Requesting an App Store Connect API Key

Before you can start using the API, you will have to generate a key inside App Store Connect. You can create a key in the “Users and Access” section:

Generate keys to authenticate with the App Store Connect API
Generate keys to authenticate with the App Store Connect API

The JWT token requires a combination of parameters:

  • Issuer ID
    Identifies the issuer who created the authentication token and is the same for all keys in the same organization.
  • Key ID
    The key identifier is optional inside JSON Web Tokens. It is advantageous when you have multiple keys to sign the tokens with and must look up the right one to verify the signature.
  • Private Key
    The Private Key is associated with the key identifier and used to authenticate you with the App Store Connect API.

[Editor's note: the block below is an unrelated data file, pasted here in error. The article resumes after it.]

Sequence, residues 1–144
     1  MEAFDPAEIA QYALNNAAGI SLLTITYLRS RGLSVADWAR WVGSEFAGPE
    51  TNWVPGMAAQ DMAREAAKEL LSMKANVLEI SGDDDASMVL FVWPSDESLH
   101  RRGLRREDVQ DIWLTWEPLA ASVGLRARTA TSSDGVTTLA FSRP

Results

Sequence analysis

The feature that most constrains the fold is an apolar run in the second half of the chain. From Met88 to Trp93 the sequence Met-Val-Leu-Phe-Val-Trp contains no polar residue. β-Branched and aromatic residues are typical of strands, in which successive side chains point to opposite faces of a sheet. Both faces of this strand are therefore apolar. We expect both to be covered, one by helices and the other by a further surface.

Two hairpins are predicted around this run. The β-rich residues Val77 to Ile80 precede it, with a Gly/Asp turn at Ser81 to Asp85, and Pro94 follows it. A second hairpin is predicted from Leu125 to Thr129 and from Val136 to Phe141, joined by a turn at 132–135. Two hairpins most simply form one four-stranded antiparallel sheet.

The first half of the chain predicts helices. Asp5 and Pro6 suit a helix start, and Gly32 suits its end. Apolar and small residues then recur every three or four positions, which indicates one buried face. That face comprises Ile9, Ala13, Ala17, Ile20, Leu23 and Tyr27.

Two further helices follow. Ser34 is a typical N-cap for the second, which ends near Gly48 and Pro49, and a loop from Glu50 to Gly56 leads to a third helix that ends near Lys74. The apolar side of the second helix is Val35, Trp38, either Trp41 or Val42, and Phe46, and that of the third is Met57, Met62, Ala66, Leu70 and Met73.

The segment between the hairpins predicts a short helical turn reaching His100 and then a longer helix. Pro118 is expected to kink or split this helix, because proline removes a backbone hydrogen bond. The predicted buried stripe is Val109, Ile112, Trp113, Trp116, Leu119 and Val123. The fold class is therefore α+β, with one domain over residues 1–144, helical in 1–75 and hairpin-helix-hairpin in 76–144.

You can read more details about authenticated requests in the official documentation, but I believe you don’t need to write this logic yourself. Instead, you can benefit from my work and use the App Store Connect Swift SDK.

Using the App Store Connect API in Swift

You can use the App Store Connect API in Swift by using the App Store Connect Swift SDK open-source package. The SDK uses the OpenAPI specs and already contains the latest endpoints announced during WWDC 2022.

You can integrate the package using Swift Package Manager:

dependencies: [
    .package(url: "https://github.com/AvdLee/appstoreconnect-swift-sdk.git", .upToNextMajor(from: "2.0.0"))
]

Or use the same URL when adding a package in Xcode.

There are many API endpoints for you to explore, but in this example, we’re going to create a simple list of apps and their bundle identifier: